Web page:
One more note:  The older the kiddo is, the more they get to do.  My 7 year old was able to color in the letters almost fully by himself without bleeding beyond the lines, while the 3 year old needed me to actually hold the marker with him.

Quiet Time Kid Tins

Here is another example of my preparing the craft, but allowing the children to have pretty much full control over how the materials are used (As long as they aren't coloring on the walls or hardwood floors).

KIDS CRAFT IDEA  Quiet Time Kids Tins with Amy Renea

I did the shopping, the spray painting, the collecting of materials, etc.  The kids do ALL the creating once the tins and materials are in their hands.  I could let the kids do the spray painting and collecting of materials, but then the collection of tins would look icky and wouldn't be cute displayed on the shelves in our living room.  By splitting up where I intervene and how, I am able to create crafts that look good, can stay out in the "public" eye, yet still encourage creativity in the kiddos.

Kiddo Free-for-all Creativity

Now that most of you think I am an uber-controlling mom that is stifling her kids creativity, let us discuss the free-for-all the kids have in both our loft and outdoors.  Basically the loft is a large open room above our living room and the kids have total control of it.  (Again, aside from drawing on the walls and jumping out the windows and such.)  I do not go up there very often at all (It stresses me out).  There are forts made from anything from yoga mats and cardboard boxes to blankets and bookshelves.  This is the space where they CAN move furniture.  There are toys EVERYWHERE on the floor, whiteboard on the walls for them to color on and plenty of reading material in the little "library" up there.  It is THEIR space to be creative and play the way they want, regardless of the mess.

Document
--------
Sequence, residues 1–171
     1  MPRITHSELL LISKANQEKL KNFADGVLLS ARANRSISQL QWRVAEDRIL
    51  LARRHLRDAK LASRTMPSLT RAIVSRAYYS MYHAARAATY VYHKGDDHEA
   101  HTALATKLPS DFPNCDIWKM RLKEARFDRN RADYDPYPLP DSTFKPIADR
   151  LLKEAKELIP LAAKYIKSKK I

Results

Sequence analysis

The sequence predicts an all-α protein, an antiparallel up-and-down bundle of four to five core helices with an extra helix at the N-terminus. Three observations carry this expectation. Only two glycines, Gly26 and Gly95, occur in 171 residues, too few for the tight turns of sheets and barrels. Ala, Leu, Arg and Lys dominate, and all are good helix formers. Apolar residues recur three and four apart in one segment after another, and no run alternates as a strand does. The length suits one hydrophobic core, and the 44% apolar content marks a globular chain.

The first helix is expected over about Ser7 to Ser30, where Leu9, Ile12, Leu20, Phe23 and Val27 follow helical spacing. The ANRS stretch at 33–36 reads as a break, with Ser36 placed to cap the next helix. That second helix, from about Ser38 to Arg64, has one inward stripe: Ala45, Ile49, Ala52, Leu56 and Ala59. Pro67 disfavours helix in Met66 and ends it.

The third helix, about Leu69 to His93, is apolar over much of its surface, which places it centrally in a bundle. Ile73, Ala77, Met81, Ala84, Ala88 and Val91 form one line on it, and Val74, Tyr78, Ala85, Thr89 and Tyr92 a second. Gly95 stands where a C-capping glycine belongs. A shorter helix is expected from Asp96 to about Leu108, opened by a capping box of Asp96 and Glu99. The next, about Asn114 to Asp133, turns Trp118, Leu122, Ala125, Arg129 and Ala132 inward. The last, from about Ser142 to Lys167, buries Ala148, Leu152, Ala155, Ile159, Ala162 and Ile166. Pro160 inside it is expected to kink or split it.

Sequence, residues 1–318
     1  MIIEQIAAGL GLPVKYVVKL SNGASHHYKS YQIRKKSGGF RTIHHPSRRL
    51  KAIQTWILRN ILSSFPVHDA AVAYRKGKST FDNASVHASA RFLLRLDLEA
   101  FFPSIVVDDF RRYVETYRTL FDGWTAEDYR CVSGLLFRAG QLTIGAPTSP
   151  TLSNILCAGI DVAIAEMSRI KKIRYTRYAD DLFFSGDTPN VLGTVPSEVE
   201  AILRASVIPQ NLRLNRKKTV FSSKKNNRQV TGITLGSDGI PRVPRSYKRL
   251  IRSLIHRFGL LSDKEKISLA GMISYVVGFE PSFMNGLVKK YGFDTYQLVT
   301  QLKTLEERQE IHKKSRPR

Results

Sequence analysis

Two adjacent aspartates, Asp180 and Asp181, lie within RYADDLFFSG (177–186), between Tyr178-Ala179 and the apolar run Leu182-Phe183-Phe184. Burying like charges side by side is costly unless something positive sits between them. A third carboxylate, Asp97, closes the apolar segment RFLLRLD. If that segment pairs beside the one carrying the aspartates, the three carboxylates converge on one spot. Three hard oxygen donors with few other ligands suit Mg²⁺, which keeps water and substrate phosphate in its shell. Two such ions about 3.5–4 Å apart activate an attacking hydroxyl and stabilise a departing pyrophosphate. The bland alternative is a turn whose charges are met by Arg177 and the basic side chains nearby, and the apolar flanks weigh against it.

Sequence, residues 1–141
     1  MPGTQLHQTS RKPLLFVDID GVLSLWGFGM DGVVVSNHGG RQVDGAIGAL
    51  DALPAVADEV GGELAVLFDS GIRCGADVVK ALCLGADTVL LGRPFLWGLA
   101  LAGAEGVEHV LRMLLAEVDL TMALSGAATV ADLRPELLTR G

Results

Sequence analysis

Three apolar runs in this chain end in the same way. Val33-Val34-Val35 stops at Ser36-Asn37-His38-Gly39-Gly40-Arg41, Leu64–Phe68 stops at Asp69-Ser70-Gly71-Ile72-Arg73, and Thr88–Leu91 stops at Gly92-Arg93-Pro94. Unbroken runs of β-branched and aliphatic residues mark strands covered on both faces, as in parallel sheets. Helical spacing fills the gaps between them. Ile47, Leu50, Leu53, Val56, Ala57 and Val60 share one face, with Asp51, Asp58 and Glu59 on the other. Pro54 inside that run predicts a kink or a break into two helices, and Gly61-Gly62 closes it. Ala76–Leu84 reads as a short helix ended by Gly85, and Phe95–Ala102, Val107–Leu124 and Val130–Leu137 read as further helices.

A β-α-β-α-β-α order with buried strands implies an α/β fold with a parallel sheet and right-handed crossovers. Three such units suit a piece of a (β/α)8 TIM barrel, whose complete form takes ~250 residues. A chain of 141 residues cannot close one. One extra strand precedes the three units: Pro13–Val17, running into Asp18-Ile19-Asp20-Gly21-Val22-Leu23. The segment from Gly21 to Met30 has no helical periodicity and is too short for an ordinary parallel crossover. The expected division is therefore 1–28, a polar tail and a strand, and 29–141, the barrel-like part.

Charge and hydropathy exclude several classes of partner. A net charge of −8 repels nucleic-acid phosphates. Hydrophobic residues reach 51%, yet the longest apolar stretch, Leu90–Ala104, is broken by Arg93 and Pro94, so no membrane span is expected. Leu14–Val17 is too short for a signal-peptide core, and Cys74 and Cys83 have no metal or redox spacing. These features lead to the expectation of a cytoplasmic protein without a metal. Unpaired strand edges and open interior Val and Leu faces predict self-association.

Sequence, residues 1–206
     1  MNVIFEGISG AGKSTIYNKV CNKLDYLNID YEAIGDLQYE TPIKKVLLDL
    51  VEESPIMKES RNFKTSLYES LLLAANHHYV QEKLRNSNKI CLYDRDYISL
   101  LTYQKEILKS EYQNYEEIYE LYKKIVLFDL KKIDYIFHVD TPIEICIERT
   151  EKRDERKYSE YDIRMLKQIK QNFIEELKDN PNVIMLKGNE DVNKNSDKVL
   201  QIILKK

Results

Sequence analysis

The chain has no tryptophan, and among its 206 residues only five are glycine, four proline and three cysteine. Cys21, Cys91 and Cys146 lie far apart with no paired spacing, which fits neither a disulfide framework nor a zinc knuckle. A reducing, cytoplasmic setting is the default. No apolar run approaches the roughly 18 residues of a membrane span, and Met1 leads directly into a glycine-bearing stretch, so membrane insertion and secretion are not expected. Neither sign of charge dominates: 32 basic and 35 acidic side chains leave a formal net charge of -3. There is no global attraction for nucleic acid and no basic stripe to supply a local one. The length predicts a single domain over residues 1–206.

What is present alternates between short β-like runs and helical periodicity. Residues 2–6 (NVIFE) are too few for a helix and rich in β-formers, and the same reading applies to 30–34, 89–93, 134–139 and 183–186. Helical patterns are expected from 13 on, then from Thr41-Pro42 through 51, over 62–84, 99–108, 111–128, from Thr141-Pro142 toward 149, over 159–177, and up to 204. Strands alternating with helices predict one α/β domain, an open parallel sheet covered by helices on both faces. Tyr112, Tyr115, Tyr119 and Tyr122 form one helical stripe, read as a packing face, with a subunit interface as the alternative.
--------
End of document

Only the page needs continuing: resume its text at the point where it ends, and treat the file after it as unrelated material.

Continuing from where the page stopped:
Now when they want to get REALLY messy, they have to go outside.  Outdoors, they can build, climb, create almost anything they want.  There is a stock pile of scrap wood, nails, etc and our 7 year old now builds something almost everyday; sawing his own wood, nailing together pieces and blowing our mind with his creativity.  The 3 year old is still very much into chalk drawing and goes nutso on the porch and driveway.  Our 5 year old?  He is somewhere in between with his main interest in creating "hideouts" among the gardens.  The only rule?  Don't crush flowers when you are building a hideout and it needs to be actually "hidden" if it is in one of Mommy's gardens.  Anywhere else in the yard?  Go crazy.  How do you split up the division between kids' creativity and a reasonably sane household? Feel free to differ from my opinion -- this parenting thing is a learning experience for us all!